Victim's advocate: Does culture promote holding workers in bondage?
“The question is — does our culture promote holding our workers or family members against their will in slavery and sexual bondage? Is the bringing in, or use of our children for sex trade, pornography or domestic violence part of our culture?
These were the questions posed by outspoken victim’s advocate Ipu Avegalio Lefiti following comments made by Senator Nua Saoluaga over the effect a human trafficking bill may have on the fa’aSamoa, or Samoan culture.
The Senator said during the hearing for this proposed bill “... such legislation, if enacted into law, will overcrowd the jail with violators of this measure because people will be charged with human trafficking for failing to pay family members doing projects directed by a family chief. “
Lefiti, who’s also Vice Chair of the Multi Disciplinary Task Force, told Samoa News that she's surprised by the comments made by senator Nua in voicing his concern of the impact that the Human Trafficking law will have on the Samoan culture. “It is to these venerable wise men that we look to in the passing of laws that protect our people from predators,” she said.
Lefiti told Samoa News that the question is: “Does our culture promote holding our workers or family members against their will in slavery and sexual bondage? And, “Is the bringing in or use of our children for sex trade, pornography or domestic violence part of our culture? Or is it the individual person/perpetrator that promotes and encourages such practices and hides behind his social standing or money?”
She then told Samoa News for the past 50 years, it has been no secret that many young ladies were brought to homes for domestic duties, to care for the elderly and infirm, or for child care.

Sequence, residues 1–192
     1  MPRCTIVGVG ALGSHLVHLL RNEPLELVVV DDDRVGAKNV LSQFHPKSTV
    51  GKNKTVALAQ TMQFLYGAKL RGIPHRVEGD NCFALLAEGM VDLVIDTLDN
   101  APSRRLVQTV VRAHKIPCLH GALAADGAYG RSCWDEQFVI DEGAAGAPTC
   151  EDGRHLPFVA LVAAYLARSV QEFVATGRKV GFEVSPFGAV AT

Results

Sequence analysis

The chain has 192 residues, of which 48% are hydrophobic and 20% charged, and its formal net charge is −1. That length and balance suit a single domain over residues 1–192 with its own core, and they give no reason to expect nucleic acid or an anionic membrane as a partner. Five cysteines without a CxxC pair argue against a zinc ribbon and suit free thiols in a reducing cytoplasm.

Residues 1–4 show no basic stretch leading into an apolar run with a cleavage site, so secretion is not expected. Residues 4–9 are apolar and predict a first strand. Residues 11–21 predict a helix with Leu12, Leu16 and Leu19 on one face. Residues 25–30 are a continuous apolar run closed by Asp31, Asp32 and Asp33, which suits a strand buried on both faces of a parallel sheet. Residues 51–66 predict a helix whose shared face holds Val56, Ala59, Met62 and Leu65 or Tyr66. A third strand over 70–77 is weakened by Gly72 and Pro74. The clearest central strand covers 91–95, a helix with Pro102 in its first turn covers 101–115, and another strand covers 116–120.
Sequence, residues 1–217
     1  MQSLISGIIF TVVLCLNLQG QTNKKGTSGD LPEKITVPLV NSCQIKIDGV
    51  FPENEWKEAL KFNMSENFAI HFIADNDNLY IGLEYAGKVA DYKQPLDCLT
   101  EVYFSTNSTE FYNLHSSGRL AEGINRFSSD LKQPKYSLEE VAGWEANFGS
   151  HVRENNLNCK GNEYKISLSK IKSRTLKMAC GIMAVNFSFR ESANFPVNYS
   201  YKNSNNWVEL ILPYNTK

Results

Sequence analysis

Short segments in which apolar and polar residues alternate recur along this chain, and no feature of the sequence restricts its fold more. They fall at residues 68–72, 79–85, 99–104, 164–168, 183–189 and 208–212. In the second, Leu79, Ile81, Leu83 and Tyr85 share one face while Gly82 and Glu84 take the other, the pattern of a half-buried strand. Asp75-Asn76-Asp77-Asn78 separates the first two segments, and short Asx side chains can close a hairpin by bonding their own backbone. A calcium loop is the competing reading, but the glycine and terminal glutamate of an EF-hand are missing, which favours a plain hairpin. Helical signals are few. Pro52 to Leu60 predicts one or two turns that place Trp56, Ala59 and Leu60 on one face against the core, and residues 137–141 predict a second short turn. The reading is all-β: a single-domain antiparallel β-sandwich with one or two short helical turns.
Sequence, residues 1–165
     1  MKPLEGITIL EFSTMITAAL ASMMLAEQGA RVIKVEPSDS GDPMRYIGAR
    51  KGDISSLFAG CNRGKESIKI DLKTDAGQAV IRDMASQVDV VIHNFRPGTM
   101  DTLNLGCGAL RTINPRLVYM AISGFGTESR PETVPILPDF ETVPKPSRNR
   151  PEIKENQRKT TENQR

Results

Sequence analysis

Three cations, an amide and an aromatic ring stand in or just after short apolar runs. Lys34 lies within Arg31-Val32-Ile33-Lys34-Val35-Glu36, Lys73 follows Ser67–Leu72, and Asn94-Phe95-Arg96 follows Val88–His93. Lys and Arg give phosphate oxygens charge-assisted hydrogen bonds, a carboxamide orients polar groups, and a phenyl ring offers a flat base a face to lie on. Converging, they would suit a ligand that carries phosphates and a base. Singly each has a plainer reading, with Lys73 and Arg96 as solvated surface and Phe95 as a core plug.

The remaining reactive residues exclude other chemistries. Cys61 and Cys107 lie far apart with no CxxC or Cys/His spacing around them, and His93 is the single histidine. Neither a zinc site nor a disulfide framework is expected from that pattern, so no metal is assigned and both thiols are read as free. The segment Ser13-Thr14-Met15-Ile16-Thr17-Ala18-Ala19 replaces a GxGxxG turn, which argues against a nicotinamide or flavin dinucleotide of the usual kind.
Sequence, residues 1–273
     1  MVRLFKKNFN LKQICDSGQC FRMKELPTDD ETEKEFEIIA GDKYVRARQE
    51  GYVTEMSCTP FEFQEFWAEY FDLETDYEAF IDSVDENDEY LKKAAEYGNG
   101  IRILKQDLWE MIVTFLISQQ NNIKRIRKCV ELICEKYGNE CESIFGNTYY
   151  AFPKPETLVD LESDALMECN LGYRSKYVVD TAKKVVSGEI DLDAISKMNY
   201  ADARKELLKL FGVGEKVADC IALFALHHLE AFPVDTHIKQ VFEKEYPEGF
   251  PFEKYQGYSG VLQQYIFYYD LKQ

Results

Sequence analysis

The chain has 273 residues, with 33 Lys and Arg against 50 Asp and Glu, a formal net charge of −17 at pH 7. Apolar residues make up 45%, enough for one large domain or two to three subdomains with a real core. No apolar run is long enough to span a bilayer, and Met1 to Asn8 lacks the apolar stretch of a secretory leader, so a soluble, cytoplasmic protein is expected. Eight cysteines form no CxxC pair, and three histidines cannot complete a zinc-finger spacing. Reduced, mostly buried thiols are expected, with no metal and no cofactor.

“Many were impregnated by their sponsors or family members. The unfortunate person was quickly and silently returned back to Upolu or Savaii. The same goes for many businessmen and women, agents and family members who bring in and move around humans to be held for flesh trade.”
She went on to say that the fishing industry is a major source for fast cash in exchange for sex. “The struggling families with immigration issues are a perfect hunting ground for agents to exploit families or for families to exploit their own children for sex."
“Now we are hearing and seeing proof of grandfathers adopting their grand children and sexually abusing them. Then there are the allegations against two full adult brothers and the sexual abuse of the girls under their protection. Then of course there is the incident — and many more unreported that will surface eventually — with a local club on the east side.”
She then stated that it goes back to — “Will this law protect the offender or our children? It is our culture that believes "O teine o i oi mata a tama/ aiga" which is to say, "females are the light in their brothers or families eyes."
"Which part of the Samoan culture counters this proverbial saying?" she asked.
The MDT group is among the main supporters of the human trafficking law, and they have appealed to lawmakers to pass this law. Given the lack of local trafficking laws in the territory, MDT reached out to Timothy A. Riera, Director of the Equal Employment Opportunity Commission in Honolulu Hawai’i, for information pertaining to federal regulations and their application to domestic service workers. The Hawaii EEOC covers these matters in American Samoa.
MDT is looking at hosting a second conference on Human Trafficking in a few months. The MDT group advocates for survivors of family violence and trafficking victims and is currently working with zero funding.
The Senate unanimously approved this bill in its third and final reaching and their version will now go before the House, who have an identical version of the same bill pending in committee.
It should be noted that Nua did vote in support of the bill despite his comments.
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